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TECHNICAL PAPERS

Effect of Strain Rate on the Dynamic Hardness in Metals

[+] Author and Article Information
Amin H. Almasri

Department of Civil and Environmental Engineering, Louisiana State University, Baton Rouge, LA 70803

George Z. Voyiadjis

Department of Civil and Environmental Engineering, Louisiana State University, Baton Rouge, LA 70803voyiadjis@eng.lsu.edu

J. Eng. Mater. Technol 129(4), 505-512 (Apr 09, 2007) (8 pages) doi:10.1115/1.2744430 History: Received August 24, 2006; Revised April 09, 2007

Traditionally, the hardness of materials is determined from indentation tests at low loading rates (static). However, considerably less work has been conducted in studying the dynamic hardness of materials using relatively high loading rates. In the present work, two models are used to predict strain rate dependency in hardness. The first model is a power law expression that is based on the dependence of the yield stress on the strain rate. This model is relatively simple in implementation, and it is quite easy to determine its parameters from simple uniaxial experiments. The second model is a micromechanical based model using Taylor’s hardening law. It utilizes the behavior of dislocation densities at high strain rates in metals in order to relate dynamic hardness to strain rates. The latter model also accounts for any changes in temperature that could exist. A finite element is also run and compared with the two models proposed in this work. Results from both models are compared with available experimental results for oxygen-free high-conductivity copper and 1018 cold rolled steel, and both models show reasonably good agreement with the experimental results.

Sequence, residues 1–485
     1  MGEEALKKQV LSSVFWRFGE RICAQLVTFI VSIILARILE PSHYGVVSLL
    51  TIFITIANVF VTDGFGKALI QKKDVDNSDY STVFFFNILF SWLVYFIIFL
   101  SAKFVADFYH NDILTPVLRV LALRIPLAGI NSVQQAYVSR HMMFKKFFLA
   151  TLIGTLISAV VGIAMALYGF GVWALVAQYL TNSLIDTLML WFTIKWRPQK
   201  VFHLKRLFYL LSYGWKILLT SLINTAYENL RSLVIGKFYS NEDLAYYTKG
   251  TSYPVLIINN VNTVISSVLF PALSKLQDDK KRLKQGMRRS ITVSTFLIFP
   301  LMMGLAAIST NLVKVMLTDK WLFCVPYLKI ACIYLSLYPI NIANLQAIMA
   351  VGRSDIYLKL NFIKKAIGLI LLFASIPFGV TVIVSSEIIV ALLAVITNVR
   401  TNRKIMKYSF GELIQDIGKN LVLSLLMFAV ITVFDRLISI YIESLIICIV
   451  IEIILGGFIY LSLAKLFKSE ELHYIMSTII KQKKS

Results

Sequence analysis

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Copyright © 2007 by American Society of Mechanical Engineers
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Figures

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Figure 1

Theoretical pressure-load characteristic of an ideally plastic metal deformed by a spherical indenter: OA: elastic deformation region, AB: transitional region, BC: fully plastic region

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Figure 2

Constraint factor versus σ0.08∕E obtained for different strain rates with typical values of n=0.5 and ε̇r=10,000

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Figure 3

Normalized flow stress versus strain rate of OFHC copper

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Figure 4

Hardness versus strain rate of OFHC copper

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Figure 5

Pressure distribution under the indenter impacting target at a velocity of 10m∕s (stresses are in Pa)

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Figure 6

Effect of temperature change on hardness behavior versus strain rate of OFHC copper

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Figure 7

Normalized flow stress versus strain rate for 1018 steel

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Figure 8

Hardness versus strain rate for 1018 steel

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Figure 9

Effect of temperature change on the hardness behavior versus strain rate for 1018 steel

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